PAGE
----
What Is the Average Salary of a Bioengineer?

Bioengineers help design medical devices. Keep reading to learn more about a career in bioengineering, along with the average salary and job outlook for this occupation. Schools offering Engineering & Technology Management degrees can also be found in these popular choices.

Career Description

Bioengineering is a term used interchangeably with biomedical engineering. This research-intensive career focuses on solving health and medical problems by designing and developing useful procedures or devices with engineering principles. These professionals normally work in the medical industry alongside doctors and medical scientists.

An education in bioengineering may lead you to a career creating life-saving devices and systems, such as medical instruments, prostheses and artificial organs. Other devices you might create include imaging systems and insulin injection machines. In college, you typically focus on another engineering specialty in addition to your biomedical education. Such specialties may include electronics, mechanical, medical imaging, orthopedic and bio-materials engineering.

Salary Overview

According to the U.S. Bureau of Labor Statistics (BLS), biomedical engineers earned an average hourly wage of $43.84, which amounted to an average annual income of $91,200, as of May 2012 (www.bls.gov). The top ten percent of these workers made upwards of $139,450 per year, while the bottom ten percent made $52,600 or less per year.

Salary by Industry

The highest-paying industry was scientific research and development services, which had an average annual income of $100,780 in May 2012, according to the BLS. Offices of physicians paid the second highest salary of $100,270. The highest biomedical engineer employment level was found in the medical equipment and supplies manufacturing industry, which had an average salary of $92,200. Pharmaceutical and medicine manufacturing also had a high employment level, and the average wage was $92,030.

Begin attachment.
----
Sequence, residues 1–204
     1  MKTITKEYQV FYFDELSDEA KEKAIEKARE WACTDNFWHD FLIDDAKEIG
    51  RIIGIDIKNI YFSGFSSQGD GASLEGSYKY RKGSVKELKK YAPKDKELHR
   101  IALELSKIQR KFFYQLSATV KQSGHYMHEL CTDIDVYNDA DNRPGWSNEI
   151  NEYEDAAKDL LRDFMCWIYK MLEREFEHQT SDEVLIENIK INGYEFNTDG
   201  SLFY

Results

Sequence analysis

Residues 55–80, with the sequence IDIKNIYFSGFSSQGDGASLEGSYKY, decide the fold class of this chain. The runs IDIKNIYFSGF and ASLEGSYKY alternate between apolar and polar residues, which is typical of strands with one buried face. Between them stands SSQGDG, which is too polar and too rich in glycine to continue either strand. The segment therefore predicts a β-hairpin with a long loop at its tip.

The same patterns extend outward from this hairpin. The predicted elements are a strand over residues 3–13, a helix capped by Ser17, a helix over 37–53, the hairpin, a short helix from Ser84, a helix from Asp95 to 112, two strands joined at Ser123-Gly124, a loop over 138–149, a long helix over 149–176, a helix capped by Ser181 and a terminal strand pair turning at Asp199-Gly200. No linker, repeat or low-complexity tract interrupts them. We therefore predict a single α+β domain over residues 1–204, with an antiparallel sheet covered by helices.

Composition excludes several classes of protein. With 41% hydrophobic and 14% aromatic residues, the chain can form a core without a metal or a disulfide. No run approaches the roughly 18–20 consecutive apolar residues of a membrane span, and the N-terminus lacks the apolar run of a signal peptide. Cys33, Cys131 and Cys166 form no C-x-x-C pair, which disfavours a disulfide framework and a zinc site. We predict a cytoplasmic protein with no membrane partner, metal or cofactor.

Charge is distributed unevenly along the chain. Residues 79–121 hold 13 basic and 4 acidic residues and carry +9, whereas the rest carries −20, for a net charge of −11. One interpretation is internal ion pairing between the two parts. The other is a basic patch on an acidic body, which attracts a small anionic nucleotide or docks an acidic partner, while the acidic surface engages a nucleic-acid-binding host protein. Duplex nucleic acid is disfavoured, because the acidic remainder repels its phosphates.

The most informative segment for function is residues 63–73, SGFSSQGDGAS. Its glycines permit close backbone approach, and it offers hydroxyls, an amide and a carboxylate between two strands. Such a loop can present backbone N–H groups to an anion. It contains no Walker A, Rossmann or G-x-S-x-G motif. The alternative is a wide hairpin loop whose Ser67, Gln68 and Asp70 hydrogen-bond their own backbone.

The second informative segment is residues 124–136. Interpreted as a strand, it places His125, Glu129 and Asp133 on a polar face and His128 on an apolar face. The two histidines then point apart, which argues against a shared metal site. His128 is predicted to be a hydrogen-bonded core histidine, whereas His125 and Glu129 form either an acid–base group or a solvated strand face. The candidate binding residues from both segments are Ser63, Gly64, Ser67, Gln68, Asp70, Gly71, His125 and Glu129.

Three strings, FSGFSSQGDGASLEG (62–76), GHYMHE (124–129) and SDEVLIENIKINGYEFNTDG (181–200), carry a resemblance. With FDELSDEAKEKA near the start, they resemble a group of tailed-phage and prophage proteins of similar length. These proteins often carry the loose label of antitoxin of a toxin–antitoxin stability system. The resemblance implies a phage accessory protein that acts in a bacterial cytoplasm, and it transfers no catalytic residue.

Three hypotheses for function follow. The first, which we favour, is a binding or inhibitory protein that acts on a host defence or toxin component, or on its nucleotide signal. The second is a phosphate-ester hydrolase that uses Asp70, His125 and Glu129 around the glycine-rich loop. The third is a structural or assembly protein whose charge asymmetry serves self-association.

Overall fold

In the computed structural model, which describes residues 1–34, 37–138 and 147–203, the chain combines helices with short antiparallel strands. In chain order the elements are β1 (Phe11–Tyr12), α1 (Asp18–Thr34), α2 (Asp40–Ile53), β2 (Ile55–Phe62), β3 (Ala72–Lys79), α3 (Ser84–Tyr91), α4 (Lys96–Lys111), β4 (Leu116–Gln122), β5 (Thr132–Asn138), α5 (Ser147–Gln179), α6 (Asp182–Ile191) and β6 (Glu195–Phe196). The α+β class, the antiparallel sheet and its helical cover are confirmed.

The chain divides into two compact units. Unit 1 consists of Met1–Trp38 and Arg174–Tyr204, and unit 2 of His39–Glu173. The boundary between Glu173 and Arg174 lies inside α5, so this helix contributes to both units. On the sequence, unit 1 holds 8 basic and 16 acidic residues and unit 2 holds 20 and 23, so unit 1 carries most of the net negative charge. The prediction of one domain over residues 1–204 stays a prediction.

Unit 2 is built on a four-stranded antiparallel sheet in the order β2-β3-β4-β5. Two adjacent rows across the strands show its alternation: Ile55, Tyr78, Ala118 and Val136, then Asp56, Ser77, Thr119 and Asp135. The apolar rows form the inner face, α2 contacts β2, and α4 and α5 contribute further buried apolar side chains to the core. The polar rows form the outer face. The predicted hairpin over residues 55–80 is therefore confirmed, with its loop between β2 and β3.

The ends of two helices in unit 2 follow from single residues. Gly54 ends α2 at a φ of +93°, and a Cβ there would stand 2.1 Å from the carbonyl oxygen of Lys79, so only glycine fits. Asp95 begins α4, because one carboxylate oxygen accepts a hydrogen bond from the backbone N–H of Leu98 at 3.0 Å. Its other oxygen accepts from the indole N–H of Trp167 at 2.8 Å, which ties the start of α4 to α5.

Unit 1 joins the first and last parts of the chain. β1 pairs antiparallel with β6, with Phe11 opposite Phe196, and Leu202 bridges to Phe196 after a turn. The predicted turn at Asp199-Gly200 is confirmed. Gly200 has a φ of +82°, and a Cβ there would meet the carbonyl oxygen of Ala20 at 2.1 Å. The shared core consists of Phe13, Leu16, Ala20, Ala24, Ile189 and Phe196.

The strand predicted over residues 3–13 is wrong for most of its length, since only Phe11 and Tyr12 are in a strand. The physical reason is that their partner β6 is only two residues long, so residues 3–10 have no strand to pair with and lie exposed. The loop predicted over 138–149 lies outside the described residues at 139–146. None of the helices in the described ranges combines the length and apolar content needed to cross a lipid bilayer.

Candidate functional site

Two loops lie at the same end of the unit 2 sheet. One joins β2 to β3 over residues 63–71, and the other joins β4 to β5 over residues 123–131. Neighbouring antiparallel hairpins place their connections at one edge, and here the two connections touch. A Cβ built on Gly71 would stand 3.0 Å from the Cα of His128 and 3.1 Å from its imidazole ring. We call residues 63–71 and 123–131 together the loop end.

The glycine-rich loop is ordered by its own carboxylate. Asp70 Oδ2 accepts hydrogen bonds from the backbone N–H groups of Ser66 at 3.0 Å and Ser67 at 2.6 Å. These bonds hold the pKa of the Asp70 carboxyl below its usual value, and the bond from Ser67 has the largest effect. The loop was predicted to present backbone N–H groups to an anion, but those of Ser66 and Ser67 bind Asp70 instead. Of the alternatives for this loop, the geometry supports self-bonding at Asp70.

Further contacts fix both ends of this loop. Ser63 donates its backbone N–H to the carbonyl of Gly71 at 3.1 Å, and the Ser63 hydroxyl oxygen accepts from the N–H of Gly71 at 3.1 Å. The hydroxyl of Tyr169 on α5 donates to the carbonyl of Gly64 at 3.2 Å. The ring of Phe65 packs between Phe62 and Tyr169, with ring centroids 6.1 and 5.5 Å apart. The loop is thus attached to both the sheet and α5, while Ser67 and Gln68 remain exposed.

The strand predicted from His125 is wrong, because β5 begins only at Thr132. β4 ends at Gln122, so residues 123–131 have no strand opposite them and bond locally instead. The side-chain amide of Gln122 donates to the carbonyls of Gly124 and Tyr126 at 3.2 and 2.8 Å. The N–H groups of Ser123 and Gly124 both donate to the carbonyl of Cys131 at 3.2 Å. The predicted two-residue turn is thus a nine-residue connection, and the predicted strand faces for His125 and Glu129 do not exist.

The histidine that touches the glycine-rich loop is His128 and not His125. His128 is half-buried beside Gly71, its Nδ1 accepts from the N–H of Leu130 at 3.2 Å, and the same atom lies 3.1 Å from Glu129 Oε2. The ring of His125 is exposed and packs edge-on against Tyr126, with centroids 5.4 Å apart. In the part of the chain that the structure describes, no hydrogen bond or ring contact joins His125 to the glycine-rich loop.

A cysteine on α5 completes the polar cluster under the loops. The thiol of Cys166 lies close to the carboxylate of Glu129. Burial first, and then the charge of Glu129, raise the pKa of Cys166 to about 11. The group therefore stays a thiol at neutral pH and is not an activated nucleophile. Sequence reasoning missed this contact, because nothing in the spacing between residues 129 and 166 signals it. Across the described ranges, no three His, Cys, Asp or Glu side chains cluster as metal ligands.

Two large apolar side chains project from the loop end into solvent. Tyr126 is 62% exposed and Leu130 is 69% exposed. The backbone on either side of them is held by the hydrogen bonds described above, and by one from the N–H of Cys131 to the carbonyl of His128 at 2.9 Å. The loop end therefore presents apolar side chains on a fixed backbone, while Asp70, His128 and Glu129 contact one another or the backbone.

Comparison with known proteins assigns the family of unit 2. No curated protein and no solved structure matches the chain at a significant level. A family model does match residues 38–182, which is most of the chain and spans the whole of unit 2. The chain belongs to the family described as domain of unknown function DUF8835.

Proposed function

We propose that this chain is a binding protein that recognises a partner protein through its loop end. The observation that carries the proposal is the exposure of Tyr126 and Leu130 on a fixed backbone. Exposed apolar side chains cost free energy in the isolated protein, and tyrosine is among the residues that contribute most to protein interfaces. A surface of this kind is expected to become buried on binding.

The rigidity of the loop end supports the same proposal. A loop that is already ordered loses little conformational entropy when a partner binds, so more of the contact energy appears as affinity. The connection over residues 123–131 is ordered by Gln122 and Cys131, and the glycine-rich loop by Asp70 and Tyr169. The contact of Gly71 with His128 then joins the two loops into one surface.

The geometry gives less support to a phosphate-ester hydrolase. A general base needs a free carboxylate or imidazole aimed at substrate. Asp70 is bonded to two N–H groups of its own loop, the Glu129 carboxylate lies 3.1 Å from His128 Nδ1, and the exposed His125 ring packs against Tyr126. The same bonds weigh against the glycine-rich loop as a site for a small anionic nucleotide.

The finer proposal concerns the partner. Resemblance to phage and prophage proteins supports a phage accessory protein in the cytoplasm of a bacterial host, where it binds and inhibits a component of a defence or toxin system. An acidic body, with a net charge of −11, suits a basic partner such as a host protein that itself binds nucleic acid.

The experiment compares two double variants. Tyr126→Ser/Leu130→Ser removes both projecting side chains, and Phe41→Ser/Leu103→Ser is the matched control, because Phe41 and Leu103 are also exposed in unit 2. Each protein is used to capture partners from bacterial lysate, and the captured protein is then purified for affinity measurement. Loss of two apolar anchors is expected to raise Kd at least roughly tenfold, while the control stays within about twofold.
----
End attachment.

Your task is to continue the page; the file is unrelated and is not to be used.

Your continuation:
Salary by Location

According to May 2012 figures from the BLS, average salaries for the five states with the highest biomedical engineer employment levels were $101,570 for California, $96,070 for Massachusetts, $94,110 for Texas, $83,890 for Pennsylvania and $103,440 for Minnesota. The highest average wages were found in Colorado ($104,550), Minnesota ($103,440), California, Virginia ($97,790) and Massachusetts. Lower-than-average earnings of $58,380-$74,030 were found in states that included Arizona, Nebraska, Indiana, Kentucky, South Carolina and Oklahoma.

Salary by Experience

PayScale.com reported how biomedical engineer salaries varied by experience in January 2014. The salary ranges were as follows:

  • Less than a year: $40,709-$79,631
  • 1-4 years: $46,796-$79,852
  • 5-9 years: $50,650-$97,752
  • 10-19 years: $57,566-$121,624
  • 20+ years: $49,833-$127,477

Job Outlook

The BLS predicted that 27% employment growth for biomedical engineers between 2012 and 2022. This is a much faster than average growth when compared to other occupations. The expected increase in demand is due in part to a rising aging population, which has a greater need for healthcare.

As healthcare becomes a bigger focal point, there will be a greater demand for the medical equipment that bioengineers create. Additionally, employment growth will be spurred by a need for better and more cost-effective equipment. In May 2012, the industries with the highest levels of employment for biomedical engineers were medical equipment manufacturing, scientific research services and pharmaceutical manufacturing.

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